Hello Sublette County, this is Albert Sommers reporting to you from Cheyenne on March 7, 2021. On Friday, March 5, seven bills passed Committee of the Whole, including my bill, HB0101, Elk Feedground Closings - Requirements, which would move the decision to close an elk feedground from the Wyoming Game and Fish Commission to the governor. I drafted this bill because I am worried that the federal government will refuse to reauthorize elk feedgrounds that exist on federal land, so it may become more convenient to close elk feedgrounds rather than look for new locations.
Closure of elk feedgrounds could have a devastating effect on elk numbers, hunter opportunity and livestock producers in Sublette County. Brucellosis is endemic in the elk herds in Sublette County. Without elk feedgrounds, elk would likely spread the disease to cattle when they commingle with cattle on cattle feedlines to keep from starving. This bill puts in place a thoughtful process of review and public comment, which would take place if the commission were to recommend closure of an elk feedground and prior to the governor making a final decision.
HB0121, State Funded Capital Construction, would authorize the expenditure of private, federal and state funds to do a modest number of capital construction projects. These projects will help create jobs in Wyoming.
HB0133, Online Sports Wagering, would regulate and authorize online sports wagering in Wyoming. Currently, you can go online and offshore to wager on sporting events illegally. This bill would regulate that activity and make certain types of online wagering legal. This would generate money for the state of Wyoming but could increase gambling addiction in our state. I have not decided how I will vote on this bill in third reading. I am drafting an amendment to put money from the proceeds towards prevention of gambling addiction.
This week, the Legislature will work on the budget and K-12 funding and those topics will likely encompass the entirety of the week. Thank you.
Hello Sublette County, this is Albert Sommers reporting to you from Cheyenne on Monday, March 8, 2021.
A number of bills this session push back on federal overreach. I do not support bills that push back on the federal government by hurting our own citizens, but I do believe we must push back. I drafted HJ0011, State Sovereignty Impacted by Federal Actions, which is a resolution that would be sent to the President of the United States and to Congress.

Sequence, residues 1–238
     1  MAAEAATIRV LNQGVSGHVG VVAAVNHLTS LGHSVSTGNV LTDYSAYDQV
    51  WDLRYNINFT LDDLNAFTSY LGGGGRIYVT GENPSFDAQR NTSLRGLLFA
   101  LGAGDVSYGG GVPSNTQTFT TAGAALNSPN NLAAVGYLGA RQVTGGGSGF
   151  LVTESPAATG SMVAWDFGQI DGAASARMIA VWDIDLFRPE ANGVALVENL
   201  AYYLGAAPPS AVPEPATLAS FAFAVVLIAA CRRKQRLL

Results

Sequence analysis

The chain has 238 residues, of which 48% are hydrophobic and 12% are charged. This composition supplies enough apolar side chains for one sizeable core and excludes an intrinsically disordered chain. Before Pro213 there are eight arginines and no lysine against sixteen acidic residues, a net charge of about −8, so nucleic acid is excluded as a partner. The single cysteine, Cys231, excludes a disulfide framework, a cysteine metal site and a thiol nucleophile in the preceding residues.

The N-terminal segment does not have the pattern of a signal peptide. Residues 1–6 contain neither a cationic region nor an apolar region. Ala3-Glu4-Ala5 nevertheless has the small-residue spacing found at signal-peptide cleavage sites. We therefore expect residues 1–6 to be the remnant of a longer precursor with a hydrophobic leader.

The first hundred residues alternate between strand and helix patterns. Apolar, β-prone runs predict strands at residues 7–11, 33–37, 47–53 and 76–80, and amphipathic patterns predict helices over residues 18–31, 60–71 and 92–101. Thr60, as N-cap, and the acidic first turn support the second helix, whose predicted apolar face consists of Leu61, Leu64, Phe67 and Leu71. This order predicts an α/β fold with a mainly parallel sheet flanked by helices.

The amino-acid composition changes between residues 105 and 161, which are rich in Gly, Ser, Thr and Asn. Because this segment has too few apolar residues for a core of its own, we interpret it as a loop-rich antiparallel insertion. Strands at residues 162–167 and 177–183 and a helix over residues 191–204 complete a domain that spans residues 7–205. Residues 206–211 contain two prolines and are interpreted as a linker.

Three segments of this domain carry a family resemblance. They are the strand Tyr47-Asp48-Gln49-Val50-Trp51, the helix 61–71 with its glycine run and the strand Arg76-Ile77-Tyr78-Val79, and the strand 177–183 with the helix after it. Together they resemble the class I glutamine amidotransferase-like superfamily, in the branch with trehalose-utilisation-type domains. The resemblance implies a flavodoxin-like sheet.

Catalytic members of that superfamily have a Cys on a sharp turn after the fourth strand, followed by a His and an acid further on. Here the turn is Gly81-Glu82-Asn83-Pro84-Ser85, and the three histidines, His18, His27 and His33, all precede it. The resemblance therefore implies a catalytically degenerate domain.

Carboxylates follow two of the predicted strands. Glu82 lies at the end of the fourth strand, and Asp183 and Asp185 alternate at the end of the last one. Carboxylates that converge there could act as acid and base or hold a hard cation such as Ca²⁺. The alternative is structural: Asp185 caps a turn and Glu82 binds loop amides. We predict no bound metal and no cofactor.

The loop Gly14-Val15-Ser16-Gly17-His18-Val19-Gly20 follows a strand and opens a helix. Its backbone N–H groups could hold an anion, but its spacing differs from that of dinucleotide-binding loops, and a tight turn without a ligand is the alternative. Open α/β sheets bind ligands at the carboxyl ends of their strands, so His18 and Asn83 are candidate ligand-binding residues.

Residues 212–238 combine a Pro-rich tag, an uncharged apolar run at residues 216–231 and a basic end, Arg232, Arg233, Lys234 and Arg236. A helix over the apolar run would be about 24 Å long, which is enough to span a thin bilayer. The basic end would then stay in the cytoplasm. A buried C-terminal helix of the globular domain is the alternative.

This resolution reminds the federal government that we are a sovereign state and that there is no question as to whether powers not delegated to the federal government were retained by the states upon ratification of the 10th Amendment. The resolution states that the current administration in Washington, D.C., and Congress should respect the sovereignty of Wyoming and the other states of our union.
It further states that the federal government should not regulate arms at a national level. Finally, it says that the current administration should respect the critical role that federal lands play in Wyoming's culture, recreation, wildlife, livestock production, mineral development and tourism, and the current administration and Congress must work with the state of Wyoming to develop federal land-use policies in a manner that recognizes their impacts on Wyoming citizens and implements those policies in a manner consistent with the state's culture.
Other bills that push back on the federal government are HJ0012 and SJ0002, matching House and Senate resolutions that direct Wyoming to join other states through the provisions of Article V of the Constitution of the United States in calling for a Convention of States to propose amendments to the U.S. Constitution. These resolutions propose amendments to the Constitution of the United States, which would impose fiscal restraints on the federal government, limit the power and jurisdiction of the federal government and limit the terms of office for its officials and for members of Congress.
I have had an incredible number of Sublette County residents email me their support for these resolutions, albeit through form letters from a national organization. Depending upon the final version of the bill that passes the Senate, I will likely support the resolution but not without reservations. I remain worried about a runaway constitutional convention that could enact amendments we could not support in Sublette County.